“The challenge with LiDAR is to measure current and power draw,” said David Hall, chief marketer for semiconductors at National Instruments. “With LiDAR, if you integrate power over a long time, heat dissipation is high, so the solution is to use a pulse approach. But as you get a narrower and narrower pulse width, you also get higher peak power.”

He said the newest version of LiDAR are in the sub-microsecond range, which means the scan rate has moved from milliseconds to microseconds.

Much of the technology in autonomous vehicles is still under development, which means there is no way to test reliability by driving millions of miles. But there are questions about the reliability of some of the simulations being performed instead of road testing.

“You can do a lot in simulation before you take that out onto a robot,” said Chris Broaddus, an engineer at GM Cruise. “It may take five minutes versus a half-day in the field. And how are you going to do a regression test in the field? But there is a question about whether if something works in a car, will it work for all cars?”

And will it work with all routes? And how about all kinds of autonomous vehicles? Arne Stoschek, head of autonomous systems at Airbus A3, said one solution may be to sharply limit the routes that autonomous vehicles such as drones can take.

“If you run an autonomous taxi in New York, you have to cover a reasonable area,” Stoschek said. “But that’s an area problem, and it’s a really hard problem. But if you’re using a point-to-point connection, and if it’s just one location in San Francisco or San Jose, that’s much easier. With a point-to-point connection you can choose it for a business case and safety reasons, and you can completely model and simulate that and own it. With any congested area—mega cities with more than 10 million inhabitants—the question is how you can scale that and generate customer acceptance.”

The same principles apply in drones and in cars. While real-world testing is still the gold standard, simulations are much quicker. And they’re becoming much easier to implement. Nvidia, for example, has introduced a a cloud-based simulation service called DRIVE Constellation, which includes a module to simulate a car’s sensors and additional technology to simulate the software stack operating the car. This hardware-in-the-loop platform cycles 30 times per second to ensure the simulated data and simulated software are operating correctly using realistic data to produce a reliable expectation of how well the vehicle would operate on the road.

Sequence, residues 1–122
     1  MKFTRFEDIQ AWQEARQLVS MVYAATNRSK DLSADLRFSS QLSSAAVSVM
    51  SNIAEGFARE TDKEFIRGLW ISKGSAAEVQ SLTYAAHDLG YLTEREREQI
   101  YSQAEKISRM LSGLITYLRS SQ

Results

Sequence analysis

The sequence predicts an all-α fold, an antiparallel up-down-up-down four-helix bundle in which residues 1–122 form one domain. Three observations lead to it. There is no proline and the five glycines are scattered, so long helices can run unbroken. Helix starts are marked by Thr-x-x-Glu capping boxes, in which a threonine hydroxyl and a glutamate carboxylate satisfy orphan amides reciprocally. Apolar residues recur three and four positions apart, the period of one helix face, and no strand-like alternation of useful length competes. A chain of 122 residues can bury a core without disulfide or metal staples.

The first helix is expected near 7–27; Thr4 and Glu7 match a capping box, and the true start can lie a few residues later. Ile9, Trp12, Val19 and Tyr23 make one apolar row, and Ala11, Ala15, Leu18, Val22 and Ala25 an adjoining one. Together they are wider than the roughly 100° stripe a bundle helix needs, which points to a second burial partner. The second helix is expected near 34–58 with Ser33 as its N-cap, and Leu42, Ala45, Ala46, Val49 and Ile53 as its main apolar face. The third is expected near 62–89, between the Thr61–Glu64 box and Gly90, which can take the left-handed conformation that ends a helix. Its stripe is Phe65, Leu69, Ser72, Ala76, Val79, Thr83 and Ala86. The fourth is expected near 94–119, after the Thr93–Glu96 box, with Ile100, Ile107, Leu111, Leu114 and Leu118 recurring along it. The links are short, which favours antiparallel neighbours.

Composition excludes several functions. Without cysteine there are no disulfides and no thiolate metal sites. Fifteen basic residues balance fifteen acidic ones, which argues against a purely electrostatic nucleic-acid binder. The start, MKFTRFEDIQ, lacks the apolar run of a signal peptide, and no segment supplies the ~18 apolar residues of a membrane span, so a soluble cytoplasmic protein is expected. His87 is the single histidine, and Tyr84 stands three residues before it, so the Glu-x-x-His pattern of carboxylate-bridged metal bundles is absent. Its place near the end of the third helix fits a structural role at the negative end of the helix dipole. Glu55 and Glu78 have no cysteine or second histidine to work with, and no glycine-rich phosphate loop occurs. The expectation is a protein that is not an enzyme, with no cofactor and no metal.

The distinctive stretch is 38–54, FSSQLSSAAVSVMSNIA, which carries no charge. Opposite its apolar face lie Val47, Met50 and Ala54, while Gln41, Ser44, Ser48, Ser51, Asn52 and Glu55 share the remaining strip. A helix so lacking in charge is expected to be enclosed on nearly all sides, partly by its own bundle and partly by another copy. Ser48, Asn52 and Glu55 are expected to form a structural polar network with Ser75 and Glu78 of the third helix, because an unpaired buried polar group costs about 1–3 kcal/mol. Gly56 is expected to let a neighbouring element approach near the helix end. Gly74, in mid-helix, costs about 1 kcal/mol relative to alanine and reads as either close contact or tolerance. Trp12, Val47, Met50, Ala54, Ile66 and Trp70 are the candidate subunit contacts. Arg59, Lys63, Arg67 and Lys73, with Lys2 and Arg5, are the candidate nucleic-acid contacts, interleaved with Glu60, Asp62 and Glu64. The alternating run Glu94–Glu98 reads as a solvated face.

ANSYS, Siemens, Mobileye, and startups such as Metamoto, have introduced or updated similar services, most of which emphasize testing the function and integration of the system itself. Whether that actually can determine if autonomous vehicles are safe for use on the road is unknown.

Simulation and validation systems are very good at spotting flaws in chipsets or hardware conflicts, and are very good at reducing the number of real-world road-test miles required to be sure all the sensors and control systems in an AV are working together effectively, said Philip Koopman, associate professor of electrical and computer engineering at Carnegie Mellon University, who publishes frequently about his research into safety testing and validation of autonomous vehicles.

This generally complies with U.S. rules governing safety, which primarily focus on mechanical operation of the equipment in the vehicle and how it will respond in a crash. But Federal Motor Vehicle Safety Standards (FMVSS), and standards such as ISO 26262, which covers safety of electronic systems in vehicles, don’t assume the equipment will have any control over the behavior of the vehicle or preventing a crash, Koopman said.

The Department of Transportation is following the lead of car manufacturers on regulation to cover autonomous vehicles, but so far they mainly want exemptions to existing rules – like requiring a steering wheel – that might not apply to autonomous vehicles. The U.S. needs to advance its regulations to cover autonomy in ways that would ensure autonomous vehicles can operate safely, not just that the machinery in them will operate correctly when it’s turned on, Koopman said.